WIN Research Celebration

Tuesday, November 24, 2020 10:00 am - 12:00 pm EST (GMT -05:00)

Join us virtually on November 24, 2020 to celebrate WIN members' outstanding achievements in research, the winners of our nanofellowships and listen to lectures by our 2020 Rising Star recipients!

Registration is required. If you have any questions or issues registering, please contact

Event Program



Lisa Pokrajac, WIN Assistant Director, Research Programs, WIN



Charmaine Dean, Vice President Research & International, UWaterloo


Welcoming remarks and introduction of WIN Rising Star recipients

Sushanta Mitra, Executive Director, WIN


Keynote lecture by WIN Rising Star Recipient Robert Hoye, Professor at London Imperial College

'Defect Tolerant Semiconductors for Clean Energy Harvesting – Nanomanufacturing and Emerging Materials'

Photovoltaics produce clean electricity from sunlight and are one of the critical renewable technologies for achieving net-zero emissions targets and fulfilling UN Sustainable Development Goals on affordable and clean energy. Although silicon has become the most widely used photovoltaic material, its efficiency has approached its fundamental limit. Furthermore, many of the new consumers of energy will be small autonomous devices part of the Internet of Things ecosystem. Although solar cells are regarded as an ideal way to power these devices, silicon does not have the optimum band gap for indoor light harvesting. The past decade has witnessed the emergence of a new class of lead-halide perovskites, which have rapidly increased in efficiency in photovoltaic devices. A critical enabling factor is the tolerance of the halide perovskites to defects, enabling long charge carrier lifetimes to be achieved despite high densities of defects when the materials are manufactured at low-temperature using simple solution-based methods. These halide perovskites have wider band gaps than silicon and can be combined together with silicon devices in tandem photovoltaics that could exceed the efficiency limits of single-junction silicon solar cells. However, the toxicity of the water-soluble lead component of halide perovskites is a potential barrier to large-scale adoption.

The first part of this talk examines scalable nanomanufacturing methods for perovskite-silicon tandem devices. Specifically, atmospheric pressure chemical vapor deposition (AP-CVD) is put forward as an alternative to solution processing, thermal evaporation and atomic layer deposition for growing the thin (~10 nm) inorganic buffer layer. This is critical for protecting the lead-halide perovskite absorber and organic charge transport layers from mechanical damage when the transparent top electrode is deposited by sputtering. We show that AP-CVD grows pinhole-free n-type and p-type oxides within minutes without vacuum. But the soft deposition results in negligible damage to the perovskite, and the highly dense oxide layers reduce leakage current, leading to improved efficiency [1,2].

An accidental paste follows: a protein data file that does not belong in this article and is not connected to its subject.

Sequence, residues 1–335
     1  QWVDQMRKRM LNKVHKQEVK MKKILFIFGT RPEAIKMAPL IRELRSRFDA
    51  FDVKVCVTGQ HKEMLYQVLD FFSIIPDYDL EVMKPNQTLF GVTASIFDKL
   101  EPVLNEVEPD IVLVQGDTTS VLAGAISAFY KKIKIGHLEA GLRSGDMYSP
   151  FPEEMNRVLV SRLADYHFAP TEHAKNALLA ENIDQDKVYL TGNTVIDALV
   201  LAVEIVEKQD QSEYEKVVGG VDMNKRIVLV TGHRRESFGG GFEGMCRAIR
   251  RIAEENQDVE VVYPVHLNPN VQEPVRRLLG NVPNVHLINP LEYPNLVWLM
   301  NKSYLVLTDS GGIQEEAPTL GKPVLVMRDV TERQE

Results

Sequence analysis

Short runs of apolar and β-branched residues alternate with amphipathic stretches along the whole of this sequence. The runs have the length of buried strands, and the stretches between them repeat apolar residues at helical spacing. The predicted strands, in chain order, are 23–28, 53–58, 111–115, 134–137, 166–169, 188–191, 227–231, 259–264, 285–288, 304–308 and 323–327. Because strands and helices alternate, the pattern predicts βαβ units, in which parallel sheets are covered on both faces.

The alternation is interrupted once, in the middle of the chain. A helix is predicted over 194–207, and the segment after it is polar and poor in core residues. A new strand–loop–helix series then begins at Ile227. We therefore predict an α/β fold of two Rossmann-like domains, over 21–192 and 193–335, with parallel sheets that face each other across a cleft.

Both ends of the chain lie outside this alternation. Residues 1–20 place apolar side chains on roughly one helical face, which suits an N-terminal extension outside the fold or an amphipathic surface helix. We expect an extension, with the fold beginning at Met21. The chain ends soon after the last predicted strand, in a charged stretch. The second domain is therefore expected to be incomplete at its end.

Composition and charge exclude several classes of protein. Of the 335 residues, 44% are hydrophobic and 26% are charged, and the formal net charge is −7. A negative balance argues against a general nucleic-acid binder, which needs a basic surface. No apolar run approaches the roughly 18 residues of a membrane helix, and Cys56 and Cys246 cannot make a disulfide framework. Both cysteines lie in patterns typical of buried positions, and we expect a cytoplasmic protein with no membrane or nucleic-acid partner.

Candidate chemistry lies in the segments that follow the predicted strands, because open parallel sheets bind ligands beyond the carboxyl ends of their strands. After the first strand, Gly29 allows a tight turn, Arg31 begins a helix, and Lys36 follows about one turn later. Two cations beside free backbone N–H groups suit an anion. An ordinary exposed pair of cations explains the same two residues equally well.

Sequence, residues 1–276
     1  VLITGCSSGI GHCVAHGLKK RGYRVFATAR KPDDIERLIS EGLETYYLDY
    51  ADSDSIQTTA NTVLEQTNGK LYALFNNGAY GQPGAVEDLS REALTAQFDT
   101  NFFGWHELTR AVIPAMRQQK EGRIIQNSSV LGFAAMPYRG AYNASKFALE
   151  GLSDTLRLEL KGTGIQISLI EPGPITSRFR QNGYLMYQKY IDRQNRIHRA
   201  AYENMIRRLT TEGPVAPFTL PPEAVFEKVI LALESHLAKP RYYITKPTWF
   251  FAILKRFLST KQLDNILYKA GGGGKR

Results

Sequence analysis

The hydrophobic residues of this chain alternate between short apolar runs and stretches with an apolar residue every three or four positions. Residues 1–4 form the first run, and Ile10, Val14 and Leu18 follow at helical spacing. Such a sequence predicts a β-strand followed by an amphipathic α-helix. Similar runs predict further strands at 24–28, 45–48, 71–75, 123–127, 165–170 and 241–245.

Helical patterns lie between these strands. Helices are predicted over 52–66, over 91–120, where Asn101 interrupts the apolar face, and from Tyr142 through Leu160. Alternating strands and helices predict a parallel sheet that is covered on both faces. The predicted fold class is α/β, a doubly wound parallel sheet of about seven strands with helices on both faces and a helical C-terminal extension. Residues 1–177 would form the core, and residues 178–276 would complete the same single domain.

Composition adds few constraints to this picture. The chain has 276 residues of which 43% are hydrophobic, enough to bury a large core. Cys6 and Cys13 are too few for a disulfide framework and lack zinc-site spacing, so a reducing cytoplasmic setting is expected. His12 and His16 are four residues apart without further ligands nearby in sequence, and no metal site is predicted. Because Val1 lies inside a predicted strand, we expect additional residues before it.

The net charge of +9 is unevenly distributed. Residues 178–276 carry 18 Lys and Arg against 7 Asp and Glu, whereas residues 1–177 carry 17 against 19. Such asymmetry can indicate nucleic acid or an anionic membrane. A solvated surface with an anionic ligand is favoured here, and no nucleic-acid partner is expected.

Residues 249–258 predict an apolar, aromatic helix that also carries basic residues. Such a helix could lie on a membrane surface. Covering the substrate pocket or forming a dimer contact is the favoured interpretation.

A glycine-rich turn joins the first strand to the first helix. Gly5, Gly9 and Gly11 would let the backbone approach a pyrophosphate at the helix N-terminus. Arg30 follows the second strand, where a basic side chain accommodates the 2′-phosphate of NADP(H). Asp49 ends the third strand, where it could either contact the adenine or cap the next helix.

The second part of this talk examines bismuth-based semiconductors as a non-toxic and air-stable alternative to lead-halide perovskites. We demonstrate through computations and experiment that bismuth oxyiodide (BiOI) replicates the defect tolerance of the lead-halide perovskites [3,4]. BiOI has a band gap of 1.9 eV, which is suitable for top-cells in tandems with silicon, and we achieve devices with up to 80% external quantum efficiency at 450 nm wavelength [3]. Moreover, the band gap of BiOI is ideal for indoor light harvesting, and we show that the BiOI solar cells are already comparable to hydrogenated amorphous silicon (the industry standard) under indoor lighting. We discuss the current limiting factors for BiOI solar cells and how efficiencies could be improved in the future, as well as the potential of the broader perovskite-inspired materials family for indoor light harvesting.  


Keynote lecture by WIN Rising Star Recipient Drew Higgins, Professor at McMaster University

'Electrocatalyst development for electrochemical CO2 conversion into fuels and chemicals and future research needs for this technology'

For electrochemical energy conversion and storage technologies to become viable component of future sustainable energy infrastructures, the development of catalysts that are active, selective, stable and inexpensive is required. The first portion of this talk will focus on catalysts for electrochemical reduction of CO2 to produce industrially relevant fuels and chemicals. While these products are generally fossil fuel derived, electrochemical CO2 reduction (CO2R) provides opportunity to use renewable energy (i.e., wind, solar, hydro) as the energy input to achieve a carbon-neutral artificial photosynthesis process. This talk will introduce the concept and fundamentals underlying electrochemical CO2 reduction. The talk will then highlight recent work on the development of nanostructured carbon catalysts containing atomically dispersed nickel-nitrogen-carbon (Ni-N-C) active sites for the conversion to CO2 into carbon monoxide, including their synthesis, characterization, and activity/selectivity evaluation. A discussion of the remaining challenges facing electrochemical CO2R technology development will then be provided.


Recognition of WIN Research Leader with their awards

Sushanta Mitra, Executive Director, WIN


Recognition of 2020 WIN Nanofellowship recipients 

Sushanta Mitra, Executive Director, WIN

To accommodate for the inability to have a reception after the celebration, as we would in other years, the Nanofellowship recipients will be creating video versions of their research presentations. These videos will be available on WIN's YouTube channel for viewing after the event.